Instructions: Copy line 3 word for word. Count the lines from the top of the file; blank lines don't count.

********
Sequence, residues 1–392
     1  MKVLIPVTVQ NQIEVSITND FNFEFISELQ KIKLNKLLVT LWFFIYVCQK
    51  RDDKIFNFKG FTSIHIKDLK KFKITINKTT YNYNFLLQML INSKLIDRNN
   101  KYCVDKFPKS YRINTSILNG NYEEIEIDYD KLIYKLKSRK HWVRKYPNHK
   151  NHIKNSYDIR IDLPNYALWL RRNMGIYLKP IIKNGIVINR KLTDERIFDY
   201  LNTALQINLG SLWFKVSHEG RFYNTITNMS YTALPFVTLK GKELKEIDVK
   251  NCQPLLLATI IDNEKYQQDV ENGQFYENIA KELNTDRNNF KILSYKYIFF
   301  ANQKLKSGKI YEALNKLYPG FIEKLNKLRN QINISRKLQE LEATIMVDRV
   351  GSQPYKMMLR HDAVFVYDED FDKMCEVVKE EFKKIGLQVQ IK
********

    51  RDDKIFNFKG FTSIHIKDLK KFKITINKTT YNYNFLLQML INSKLIDRNN